Between 8am on January 13, and 6:54am the next day, Marathon Petroleum’s Blanchard Galveston Bay Refinery (formerly owned by BP) in Texas City dumped an estimated 216,000 lbs. of spent catalyst into the air during a major “upset event” when air pollution control equipment failed that was designed to capture catalyst dust from a “cracking” unit. The catalytic dust, a fine white powder somewhat like talcum but grittier, fell onto the community of Bayou Vista, and visibly accumulated on cars and homes in the area. More than two months later, residents are still asking questions, concerned for their health and the health of the bay, and still getting the cold shoulder from the Marathon and the TCEQ.
[Original Post: Jim Malewitz, Texas Tribune, March 30, 2015]
A House committee on Monday approved legislation that would limit local control over oil and gas activities — a committee substitute for a bill that initially stirred anger in city halls across Texas. In a 10-1 vote, the House Committee on Energy Resources approved an updated version of House Bill 40, among the most prominent of nearly a dozen bills filed in the aftermath of Denton's vote in November to ban hydraulic fracturing within the North Texas city's limits.
[Original Post: Elizabeth Douglass, InsideClimate News, March 30, 2015]
It's been two years since a broken 1940s ExxonMobil pipeline flooded an Arkansas neighborhood with Canada's heaviest oil, and the ripple effects of the spill have made it to Washington D.C., where regulators are poised to end decades of complacency by addressing the dangers of older pipelines across the country.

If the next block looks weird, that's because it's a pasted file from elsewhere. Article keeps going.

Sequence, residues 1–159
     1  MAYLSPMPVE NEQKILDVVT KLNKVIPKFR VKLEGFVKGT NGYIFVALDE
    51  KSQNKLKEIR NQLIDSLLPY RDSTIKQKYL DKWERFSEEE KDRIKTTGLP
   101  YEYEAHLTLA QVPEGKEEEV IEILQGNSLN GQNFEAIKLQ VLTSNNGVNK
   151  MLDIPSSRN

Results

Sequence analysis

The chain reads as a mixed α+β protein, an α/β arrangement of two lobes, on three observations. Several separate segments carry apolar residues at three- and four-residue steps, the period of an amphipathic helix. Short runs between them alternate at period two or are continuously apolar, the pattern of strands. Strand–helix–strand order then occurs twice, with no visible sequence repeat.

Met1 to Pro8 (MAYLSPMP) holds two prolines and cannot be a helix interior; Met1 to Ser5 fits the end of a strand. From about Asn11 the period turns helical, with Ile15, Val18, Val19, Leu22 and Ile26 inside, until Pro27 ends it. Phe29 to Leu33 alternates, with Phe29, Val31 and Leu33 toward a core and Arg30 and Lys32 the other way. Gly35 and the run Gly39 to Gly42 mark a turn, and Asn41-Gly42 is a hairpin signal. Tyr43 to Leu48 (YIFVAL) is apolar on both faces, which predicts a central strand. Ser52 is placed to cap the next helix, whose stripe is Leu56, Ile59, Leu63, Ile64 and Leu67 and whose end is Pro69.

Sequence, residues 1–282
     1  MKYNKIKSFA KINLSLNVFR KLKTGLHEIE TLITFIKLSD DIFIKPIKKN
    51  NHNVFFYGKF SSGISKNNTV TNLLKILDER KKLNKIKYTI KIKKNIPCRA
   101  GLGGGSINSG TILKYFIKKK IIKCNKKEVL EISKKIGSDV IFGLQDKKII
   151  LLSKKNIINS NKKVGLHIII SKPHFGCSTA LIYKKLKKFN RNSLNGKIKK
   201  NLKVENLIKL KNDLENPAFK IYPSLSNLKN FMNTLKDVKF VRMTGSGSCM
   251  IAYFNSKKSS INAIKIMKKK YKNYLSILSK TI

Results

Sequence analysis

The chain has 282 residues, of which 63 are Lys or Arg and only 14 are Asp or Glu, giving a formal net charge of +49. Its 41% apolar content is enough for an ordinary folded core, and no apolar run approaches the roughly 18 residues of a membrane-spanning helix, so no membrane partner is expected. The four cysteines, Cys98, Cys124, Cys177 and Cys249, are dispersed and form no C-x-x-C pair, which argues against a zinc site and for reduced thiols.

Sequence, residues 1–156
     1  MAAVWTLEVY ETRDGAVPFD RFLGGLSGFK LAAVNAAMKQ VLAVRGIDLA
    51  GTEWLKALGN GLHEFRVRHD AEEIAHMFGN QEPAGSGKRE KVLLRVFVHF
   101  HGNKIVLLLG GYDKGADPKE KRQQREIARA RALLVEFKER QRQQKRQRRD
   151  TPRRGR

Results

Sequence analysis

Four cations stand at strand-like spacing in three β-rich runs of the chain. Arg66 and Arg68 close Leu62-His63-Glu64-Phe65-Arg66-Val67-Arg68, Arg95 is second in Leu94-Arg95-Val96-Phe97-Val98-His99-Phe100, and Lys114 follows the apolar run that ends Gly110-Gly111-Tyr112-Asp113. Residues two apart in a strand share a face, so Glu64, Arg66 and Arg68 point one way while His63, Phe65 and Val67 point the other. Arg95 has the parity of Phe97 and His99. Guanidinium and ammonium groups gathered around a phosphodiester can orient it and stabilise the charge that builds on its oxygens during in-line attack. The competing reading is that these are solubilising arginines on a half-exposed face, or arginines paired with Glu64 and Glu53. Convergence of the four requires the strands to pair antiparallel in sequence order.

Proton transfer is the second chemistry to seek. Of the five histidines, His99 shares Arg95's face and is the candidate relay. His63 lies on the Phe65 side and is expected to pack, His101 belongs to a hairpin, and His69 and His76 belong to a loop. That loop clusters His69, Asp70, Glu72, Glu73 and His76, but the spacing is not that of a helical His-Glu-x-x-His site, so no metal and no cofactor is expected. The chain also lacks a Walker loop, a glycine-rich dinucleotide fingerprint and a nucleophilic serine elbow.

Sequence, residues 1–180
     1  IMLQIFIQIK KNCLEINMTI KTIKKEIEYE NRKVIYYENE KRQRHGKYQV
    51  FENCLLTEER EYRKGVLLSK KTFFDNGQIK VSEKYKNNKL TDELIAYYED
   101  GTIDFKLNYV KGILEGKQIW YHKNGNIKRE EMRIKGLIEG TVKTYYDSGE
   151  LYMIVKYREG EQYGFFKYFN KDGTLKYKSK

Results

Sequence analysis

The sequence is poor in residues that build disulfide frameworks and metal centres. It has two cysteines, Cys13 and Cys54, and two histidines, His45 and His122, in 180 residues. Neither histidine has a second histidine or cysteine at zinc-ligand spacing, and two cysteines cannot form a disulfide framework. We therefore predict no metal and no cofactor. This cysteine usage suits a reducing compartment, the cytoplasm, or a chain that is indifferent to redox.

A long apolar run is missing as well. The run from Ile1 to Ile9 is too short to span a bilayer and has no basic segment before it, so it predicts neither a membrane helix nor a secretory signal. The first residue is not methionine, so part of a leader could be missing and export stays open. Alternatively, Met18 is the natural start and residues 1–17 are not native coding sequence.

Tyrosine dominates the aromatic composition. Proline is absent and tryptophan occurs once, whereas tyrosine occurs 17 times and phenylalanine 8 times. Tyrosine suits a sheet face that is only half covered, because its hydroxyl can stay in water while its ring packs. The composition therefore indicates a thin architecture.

The Sierra Club and National Wildlife Federation released a report estimating that reasonable restrictions on lawn watering could save Texas billions of gallons of water every year. As shown in Water Conservation by the Yard: Estimating Savings from Outdoor Watering Restrictions, 52 billion gallons (about 158,000 acre-feet) of water savings per year could be achieved in the North Central Texas and Houston-Galveston regions alone if even minimal outdoor watering restrictions are adopted more widely.
By Dave Cortez and Mayté Salazar
Have you ever fallen behind on your bills? What about getting your power, water, or gas service cut off because you fell behind? As Austin confronts a poverty crisis, persistent drought, and ongoing economic segregation, thousands of Austinites continue to struggle to pay for one of the most fundamental services we’ve all become accustomed to – electricity.
Frisco, Texas – The newly reformed Sierra Club Cross Timbers Group, which serves Denton and Collin counties, will hold a free long-range water planning and conservation panel discussion on March 23 in Frisco.
The Rio Grande International Study Center is having a celebration to help Laredo say “no more plastic bags” and celebrate this campaign with entertainment, DJ, games, arts and crafts, a river pledge, a bike raffle, Easter eco basket giveaways, a proclamation, a visit by the Easter Bunny. Join them Saturday, March 14from 1-5pm at Mall del Norte, in the courtyard in front of Macy’s.